Wednesday, January 29, 2014
This time, it was three dead in a skate shop in a mall in Columbia, Maryland. The victims: A young man working at the store. A young woman, the assistant manager, whose name was distinctive enough that I Googled her, which I'll sometimes do when a name is released. I probably shouldn't, but it's hard not to want to know who a person was.
There she was on FaceBook, just a soft-eyed twenty-something kid. There were pictures of her getting a large tattoo. Mostly, there were pictures of her with her toddler son, a tiny little button of a boy.
And then there was the "shooter," a young man of the same age. He'd shown no signs of any propensity for violence to anyone, not to friends, not to family. When he'd bought his Mossberg pump-action 12 gauge from a Maryland gun shop, the folks there saw no warning signs at all. He was genial, inquisitive, and utterly unthreatening. He didn't seem like a gun-obsessive. Just a completely average, normal, 19 year old.
But after using his brand new shotgun to kill two young people he did not know, he put it in his mouth and pulled the trigger. Which, I suppose, is why it took so long to ID him. Home-defense-grade buckshot at point blank range doesn't leave much besides a mess.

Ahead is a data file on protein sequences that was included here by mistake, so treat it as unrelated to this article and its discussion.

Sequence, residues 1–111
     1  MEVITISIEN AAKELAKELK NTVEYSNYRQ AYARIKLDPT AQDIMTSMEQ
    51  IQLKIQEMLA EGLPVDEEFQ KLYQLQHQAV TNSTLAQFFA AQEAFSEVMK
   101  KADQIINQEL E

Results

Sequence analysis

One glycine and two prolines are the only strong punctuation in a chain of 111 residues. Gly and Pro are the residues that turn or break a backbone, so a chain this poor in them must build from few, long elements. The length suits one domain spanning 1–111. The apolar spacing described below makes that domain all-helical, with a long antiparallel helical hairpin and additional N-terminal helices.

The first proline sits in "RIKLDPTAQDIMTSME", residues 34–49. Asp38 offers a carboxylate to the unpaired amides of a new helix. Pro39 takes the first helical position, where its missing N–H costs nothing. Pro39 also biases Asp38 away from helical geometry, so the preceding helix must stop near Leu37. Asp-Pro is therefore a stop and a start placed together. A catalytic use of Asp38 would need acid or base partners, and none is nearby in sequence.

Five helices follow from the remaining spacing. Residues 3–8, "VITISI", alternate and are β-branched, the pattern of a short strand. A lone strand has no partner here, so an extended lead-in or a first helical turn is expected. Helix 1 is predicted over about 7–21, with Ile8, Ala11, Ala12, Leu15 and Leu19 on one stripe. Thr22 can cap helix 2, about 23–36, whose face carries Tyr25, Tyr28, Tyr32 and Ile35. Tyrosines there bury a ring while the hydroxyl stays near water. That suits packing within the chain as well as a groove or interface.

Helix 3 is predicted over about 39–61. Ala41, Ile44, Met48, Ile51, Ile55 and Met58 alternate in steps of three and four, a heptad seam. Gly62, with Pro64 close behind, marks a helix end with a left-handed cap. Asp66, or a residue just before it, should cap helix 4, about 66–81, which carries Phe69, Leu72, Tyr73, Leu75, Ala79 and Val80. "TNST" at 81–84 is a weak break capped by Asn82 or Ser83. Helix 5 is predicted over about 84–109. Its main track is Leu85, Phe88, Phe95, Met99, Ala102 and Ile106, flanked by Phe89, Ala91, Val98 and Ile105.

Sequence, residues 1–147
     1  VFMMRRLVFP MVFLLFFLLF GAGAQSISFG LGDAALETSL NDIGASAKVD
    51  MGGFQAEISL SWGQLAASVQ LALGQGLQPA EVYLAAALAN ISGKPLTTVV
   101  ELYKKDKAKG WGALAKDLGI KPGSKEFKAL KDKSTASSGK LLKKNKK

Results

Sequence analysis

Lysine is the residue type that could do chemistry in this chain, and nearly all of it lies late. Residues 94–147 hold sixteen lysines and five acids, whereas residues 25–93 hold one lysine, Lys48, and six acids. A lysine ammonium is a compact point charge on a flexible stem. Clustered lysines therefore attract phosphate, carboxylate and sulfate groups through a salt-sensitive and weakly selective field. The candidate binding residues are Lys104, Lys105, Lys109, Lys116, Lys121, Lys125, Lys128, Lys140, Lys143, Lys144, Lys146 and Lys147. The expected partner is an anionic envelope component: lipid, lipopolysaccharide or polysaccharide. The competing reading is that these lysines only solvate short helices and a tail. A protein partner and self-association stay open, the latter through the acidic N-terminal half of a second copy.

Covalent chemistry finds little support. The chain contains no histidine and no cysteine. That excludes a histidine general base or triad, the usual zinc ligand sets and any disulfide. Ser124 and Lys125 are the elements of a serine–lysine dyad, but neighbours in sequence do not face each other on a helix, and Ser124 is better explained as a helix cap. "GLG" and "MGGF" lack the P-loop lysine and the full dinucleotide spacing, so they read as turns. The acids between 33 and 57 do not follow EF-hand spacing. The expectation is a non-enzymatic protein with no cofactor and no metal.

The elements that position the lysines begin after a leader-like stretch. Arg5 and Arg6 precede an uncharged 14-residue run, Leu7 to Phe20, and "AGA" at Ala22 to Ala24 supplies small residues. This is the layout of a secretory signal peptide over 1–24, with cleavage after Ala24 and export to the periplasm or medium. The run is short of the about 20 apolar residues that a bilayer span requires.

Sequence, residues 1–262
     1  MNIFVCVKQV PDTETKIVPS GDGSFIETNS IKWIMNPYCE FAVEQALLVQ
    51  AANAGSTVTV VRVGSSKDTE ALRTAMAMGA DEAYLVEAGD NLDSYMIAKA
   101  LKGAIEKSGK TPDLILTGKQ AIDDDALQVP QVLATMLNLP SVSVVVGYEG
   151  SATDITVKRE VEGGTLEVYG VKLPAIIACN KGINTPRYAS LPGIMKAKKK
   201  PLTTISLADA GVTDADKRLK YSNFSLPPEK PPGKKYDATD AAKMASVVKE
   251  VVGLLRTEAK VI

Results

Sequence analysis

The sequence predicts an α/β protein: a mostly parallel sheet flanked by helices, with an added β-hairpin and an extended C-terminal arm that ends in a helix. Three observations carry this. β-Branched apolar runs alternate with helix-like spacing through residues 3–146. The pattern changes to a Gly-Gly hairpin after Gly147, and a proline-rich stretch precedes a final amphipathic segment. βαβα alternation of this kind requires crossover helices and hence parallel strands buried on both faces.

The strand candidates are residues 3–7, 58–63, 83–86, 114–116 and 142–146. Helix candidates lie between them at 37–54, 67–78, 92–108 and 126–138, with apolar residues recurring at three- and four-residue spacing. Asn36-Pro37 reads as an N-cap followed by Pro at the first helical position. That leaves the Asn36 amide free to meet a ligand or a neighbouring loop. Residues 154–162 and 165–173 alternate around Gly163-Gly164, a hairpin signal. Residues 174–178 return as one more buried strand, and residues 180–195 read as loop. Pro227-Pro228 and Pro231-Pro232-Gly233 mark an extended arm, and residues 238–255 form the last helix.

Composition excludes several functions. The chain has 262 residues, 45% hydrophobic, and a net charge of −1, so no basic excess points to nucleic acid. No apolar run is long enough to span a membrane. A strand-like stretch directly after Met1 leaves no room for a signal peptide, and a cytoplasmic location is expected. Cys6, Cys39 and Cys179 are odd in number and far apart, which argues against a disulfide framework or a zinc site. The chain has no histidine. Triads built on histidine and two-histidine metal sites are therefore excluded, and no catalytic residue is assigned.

Five more people were harmed in the event, all hurt in the process of fleeing.
One detail of this event, dropped almost in passing, has stuck in my mind this week. There were four people in the skate shop. There were the two employees. There was the man with the shotgun.
And there was one other customer. They haven't been named, of course. All the articles have said about this person was:
"The other customer was unharmed."
Were they unharmed, though? I cannot imagine that such an experience would leave a soul untouched. You are in a small space with three other people. Suddenly it is filled with thunder and blood, and then there is only you and the young man before you with a wickedly efficient little scattergun.
You have just seen people die. Your death is imminent, right there about to happen. You know how this story goes, because it is so familiar.
And then he puts the gun in his mouth.
Would you be "unharmed" by this experience? If you were a sociopath, perhaps. But most human beings feel the ripples of violence deep in themselves. That experience...primal terror, the near-certainty of death, the trauma...would burn a deep groove into you.
This would be a defining moment, and one hard to move past. "Unharmed" seems an inadequate descriptive term, in the same way "uninjured" seems the wrong way to describe a young private who has just watched a IED tear the life from the guy he'd been laughing and gaming with the night before.
I wonder, frankly, if we as a nation are unharmed by these repeated experiences. They are not immediate for most of us, sure. But we are aware that pointless, random killings are now a part of our culture. At any point, anywhere, and at any time, there might be a "shooter."
And so we think about it. A lot. We are aware of it. We maintain a patrol mentality, always on alert. We feel the need to distrust, to be armed just in case.
And we, too, are "unharmed."